“This is critical step toward protecting our climate and public health,” said Fred Krupp, president of Environmental Defense Fund (EDF). “EPA is taking on a pollutant responsible for 25% of the warming we are experiencing today. The nation’s oil and gas companies emit over seven million tons of methane pollution every year, equal to the greenhouse gas pollution of about 160 coal-fired power plants over the next twenty years. This proposal begins the important work of ensuring that the oil and gas industry reduces this pollution.”
According to EDF, voluntary programs have not worked, and national methane emissions have not been reduced as far and as fast as they need to be (see Shale Daily, Aug. 17).
The total amount of methane emitted from natural gas transmission and storage facilities in 2012 was 1,220-1,950 gigagrams/year (mean of 1,503 Gg/year), resulting in an estimated loss of 0.35% of the methane transported, according to an industry-backed study released last month (see Daily GPI, July 22).
That amount is not statistically different than was reported in the EPA’s 2012 Greenhouse Gas Inventory (GHGI), according to the study. The largest emission sources were fugitive emissions from certain compressor-related equipment and “super-emitter” facilities, according to the researchers.
In a separate study released Tuesday in the journal Environmental Science & Technology, some of the same researchers estimated total annual methane emissions of 2,421 Gg for all U.S. gathering and processing operations, with more than 90% of those emissions attributed to normal operation of gathering facilities, and the rest from gathering pipelines and processing plant maintenance and upsets. “The study results suggest that CH4 [methane] emissions from gathering are substantially higher than the current EPA GHGI estimate and are equivalent to 30% of the total net CH4 emissions in the natural gas systems GHGI,” the researchers said.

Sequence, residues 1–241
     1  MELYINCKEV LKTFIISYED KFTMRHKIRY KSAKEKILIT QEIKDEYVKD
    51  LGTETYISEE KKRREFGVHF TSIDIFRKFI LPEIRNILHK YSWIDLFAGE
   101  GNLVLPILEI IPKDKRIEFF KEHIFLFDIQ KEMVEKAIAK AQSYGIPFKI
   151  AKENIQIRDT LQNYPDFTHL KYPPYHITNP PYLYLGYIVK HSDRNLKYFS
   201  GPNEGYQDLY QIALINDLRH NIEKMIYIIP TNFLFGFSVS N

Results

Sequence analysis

Mark Sutton, CEO of the Gas Processors Association (GPA), said he was encouraged that the study found lower emissions on the processing side than the GHGI, noting that EPA “recently proposed to expand its Greenhouse Gas Reporting Rule to include gathering and booster stations that would subject gathering and booster stations to new reporting criteria.”
An EPA report issued earlier this year found that methane emissions from natural gas production have fallen about 38% since 2005, but emissions from processing increased by about 38% since that year, and rose about 11% from gas transmission and storage sources (see Daily GPI, April 16). Meanwhile, methane emissions from hydraulically fractured gas wells declined about 79% since 2005, EPA said.
The Obama administration first released a strategy to reduce methane emissions last year, giving oversight to the EPA and Department of Energy (see Daily GPI, March 28, 2014). The original plan called for the EPA to assess emissions from the oil and gas sector, while the Bureau of Land Management would update venting and flaring standards on public lands. In April 2014, the EPA released five technical papers on methane and volatile organic compound emissions from the oil and gas industry (see Daily GPI, April 15, 2014).
Tuesday’s proposals are among a number of actions that will help the nation reach the Obama administration’s goal of reducing the oil and gas sector’s methane emissions 40-45% by 2025.
“Looking at these proposals and the 2012 rules together…the reductions could be as high as 20-30% of the national estimated emissions of methane from this sector for 2012, which is the starting point for the methane strategy,” McCabe said.
EPA will take comment on methane proposals for 60 days after they are published in the Federal Register.